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Indian airlines should implement United’s ‘flat tire’ rule and put late-coming passengers on next flight

Photo copyright Weltenbummler. Licensed under CC.

It is a well known business fact, that satisfaction and trust are created when contracts are balanced. Yet, globally, airline ticket contracts are extremely one-sided in favour of airlines, especially when it comes to flight delays and cancellations. In India, while the aviation regulator DGCA has rules on facilities to be provided to a passenger in the event of a delay or cancellation of a flight, it also has a provision of “circumstances beyond an airline’s control”. With peak hour demands at major airports, outstripping runway capacity, the unfortunate reality, is, that airlines in India, do delay or cancel a reasonable number of flights. The almost universal reason given, is, “circumstances beyond our control”.

Yet, if a passenger cannot reach the airport in time, due to reasons beyond their control, a traffic jam, a procession, an accident, or even a tyre puncture, they stand to lose the entire ticket cost, due to being a “no-show”. The fear of this loss results in late passengers risking their life and limb, along with those of fellow road users, in a crazed rush to the airport, or even the few ultra-stupid ones who decide to call in a bomb-threat.

Why this double standard? If an airline can have its flight delayed by “ATC delays” (read air or airport traffic jam), then why cannot a passenger be held up by road traffic jam? Both situations are unintentional, caused by “circumstances beyond control”. In the world’s largest democracy, what is stopping us from practicing this fundamental tenet of equality? This thought has been vexing me for many years.

I am not advocating a blanket refund policy for “no-shows”. Such a policy would be instantly abused into oblivion, and will be unfair to airlines. However, there surely must be some middle ground?

The solution comes from United Airlines via consumer rights activist Christopher Elliot’s article. It is called the ‘flat tire’ (tyre puncture) rule.

In essence the rule says, if you have a flat tire on your way to the airport, or are otherwise delayed because of circumstances beyond your control, United will put you on the wait-list for the NEXT flight to your destination at no extra charge. Yes, no extra charges!! No change fee, no fare differential, no “no-show” fee, nothing. If there is a spare seat of the next flight, after clearing that flight’s confirmed and previously wait-listed passengers, United will put you on that flight.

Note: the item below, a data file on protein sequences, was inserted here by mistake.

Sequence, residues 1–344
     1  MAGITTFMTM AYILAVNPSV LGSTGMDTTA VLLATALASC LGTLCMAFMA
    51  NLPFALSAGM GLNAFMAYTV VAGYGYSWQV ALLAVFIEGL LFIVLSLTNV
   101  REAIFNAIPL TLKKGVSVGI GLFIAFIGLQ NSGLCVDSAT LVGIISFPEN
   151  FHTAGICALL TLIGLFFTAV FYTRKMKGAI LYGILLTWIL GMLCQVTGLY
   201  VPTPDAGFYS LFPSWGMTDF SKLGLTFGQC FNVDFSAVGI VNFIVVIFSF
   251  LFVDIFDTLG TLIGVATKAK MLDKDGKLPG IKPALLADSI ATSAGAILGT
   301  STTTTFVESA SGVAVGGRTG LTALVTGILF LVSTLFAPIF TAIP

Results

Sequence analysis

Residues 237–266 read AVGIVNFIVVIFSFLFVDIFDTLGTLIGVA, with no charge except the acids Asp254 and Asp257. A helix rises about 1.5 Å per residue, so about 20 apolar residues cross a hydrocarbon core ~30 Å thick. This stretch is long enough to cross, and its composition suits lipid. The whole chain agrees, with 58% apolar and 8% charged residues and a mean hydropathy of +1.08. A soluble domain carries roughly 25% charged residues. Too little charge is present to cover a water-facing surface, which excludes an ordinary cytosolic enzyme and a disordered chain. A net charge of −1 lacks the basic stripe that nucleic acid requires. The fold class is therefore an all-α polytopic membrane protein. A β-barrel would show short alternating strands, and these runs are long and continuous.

To qualify for the ‘flat tire’ rule, the passenger must arrive at the airport within two hours of the original scheduled departure.

It is an ethical policy that treats the customer with fairness and a modicum of humanity. By accepting the fact the passenger was delayed by uncontrollable circumstances, over a period of time, customers to will reciprocate that acceptance of delays by the airline.

Will such a policy be beneficial for the aviation industry in India? Yes. Is it required? Again Yes.

When faced with doubts and questions, Rotarians apply the “Four-Way Test” asking these questions :

  • Is it the TRUTH?
  • Is it FAIR to all concerned?
  • Will it build GOODWILL and BETTER FRIENDSHIPS?
  • Will it be BENEFICIAL to all concerned?

United’s ‘flat tire’ rule meets the test in all ways.

  • The rule is based on trust and truthfulness between the passenger and airline.
  • It creates a level of equality in the contract, which makes it fair to both, the passenger and the airline.
  • By putting the passenger on a wait-list for the next flight, the airline is not losing any money, while by accepting the customer on his/her word it builds goodwill for the airline and improves customer loyalty (friendship).
  • This creates a beneficial win-win-win situation for the passenger, the airline, and those on the road, who lives are not risked in the mad dash to the airport.

Is there a potential for abuse if such a rule is offered in India? Sure there is. Any privilege can be abused, and not just in India.

One must ask these questions though. In today’s hectic schedule driven world, would a passenger knowingly disrupt their schedule? It is important to note, the rule can call for the airline to put the passenger on the wait-list for the next flight, not some flight in the future, and it does not guarantee a seat on the next flight. If the next flight is full or the passenger cannot be accommodated, then he/she gets wait-listed on the next flight after that. The passenger has to be present at the counter when the waiting-list of each flight is cleared. Will a passenger knowingly be late and want to endure such uncertainty? I doubt it.

What are your thoughts? Share them via a comment.

About Devesh Agarwal

A electronics and automotive product management, marketing and branding expert, he was awarded a silver medal at the Lockheed Martin innovation competition 2010. He is ranked 6th on Mashable's list of aviation pros on Twitter and in addition to Bangalore Aviation, he has contributed to leading publications like Aviation Week, Conde Nast Traveller India, The Economic Times, and The Mint (a Wall Street Journal content partner). He remains a frequent flier and shares the good, the bad, and the ugly about the Indian aviation industry without fear or favour.

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